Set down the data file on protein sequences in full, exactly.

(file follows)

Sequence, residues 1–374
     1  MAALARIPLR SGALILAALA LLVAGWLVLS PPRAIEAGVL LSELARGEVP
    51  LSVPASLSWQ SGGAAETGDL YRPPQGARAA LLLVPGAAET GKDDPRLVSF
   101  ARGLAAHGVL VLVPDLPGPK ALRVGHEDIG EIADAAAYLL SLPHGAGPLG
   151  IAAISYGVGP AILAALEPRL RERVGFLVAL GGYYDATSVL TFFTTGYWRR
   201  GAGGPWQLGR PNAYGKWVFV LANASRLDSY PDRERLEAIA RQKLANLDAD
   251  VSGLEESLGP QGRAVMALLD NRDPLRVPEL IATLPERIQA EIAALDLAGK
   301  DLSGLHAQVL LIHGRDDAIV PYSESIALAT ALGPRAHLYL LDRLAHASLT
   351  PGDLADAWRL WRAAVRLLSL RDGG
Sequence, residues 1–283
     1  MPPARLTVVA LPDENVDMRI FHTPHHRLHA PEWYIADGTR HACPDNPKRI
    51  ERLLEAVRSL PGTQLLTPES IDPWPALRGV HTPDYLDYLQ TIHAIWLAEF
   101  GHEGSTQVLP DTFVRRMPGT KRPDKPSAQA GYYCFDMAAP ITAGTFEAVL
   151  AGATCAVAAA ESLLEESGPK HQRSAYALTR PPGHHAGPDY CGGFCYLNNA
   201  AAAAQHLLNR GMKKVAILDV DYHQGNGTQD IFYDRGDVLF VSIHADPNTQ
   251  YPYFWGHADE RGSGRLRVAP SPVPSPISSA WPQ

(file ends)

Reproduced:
Sequence, residues 1–374
     1  MAALARIPLR SGALILAALA LLVAGWLVLS PPRAIEAGVL LSELARGEVP
    51  LSVPASLSWQ SGGAAETGDL YRPPQGARAA LLLVPGAAET GKDDPRLVSF
   101  ARGLAAHGVL VLVPDLPGPK ALRVGHEDIG EIADAAAYLL SLPHGAGPLG
   151  IAAISYGVGP AILAALEPRL RERVGFLVAL GGYYDATSVL TFFTTGYWRR
   201  GAGGPWQLGR PNAYGKWVFV LANASRLDSY PDRERLEAIA RQKLANLDAD
   251  VSGLEESLGP QGRAVMALLD NRDPLRVPEL IATLPERIQA EIAALDLAGK
   301  DLSGLHAQVL LIHGRDDAIV PYSESIALAT ALGPRAHLYL LDRLAHASLT
   351  PGDLADAWRL WRAAVRLLSL RDGG
Sequence, residues 1–283
     1  MPPARLTVVA LPDENVDMRI FHTPHHRLHA PEWYIADGTR HACPDNPKRI
    51  ERLLEAVRSL PGTQLLTPES IDPWPALRGV HTPDYLDYLQ TIHAIWLAEF
   101  GHEGSTQVLP DTFVRRMPGT KRPDKPSAQA GYYCFDMAAP ITAGTFEAVL
   151  AGATCAVAAA ESLLEESGPK HQRSAYALTR PPGHHAGPDY CGGFCYLNNA
   201  AAAAQHLLNR GMKKVAILDV DYHQGNGTQD IFYDRGDVLF VSIHADPNTQ
   251  YPYFWGHADE RGSGRLRVAP SPVPSPISSA WPQ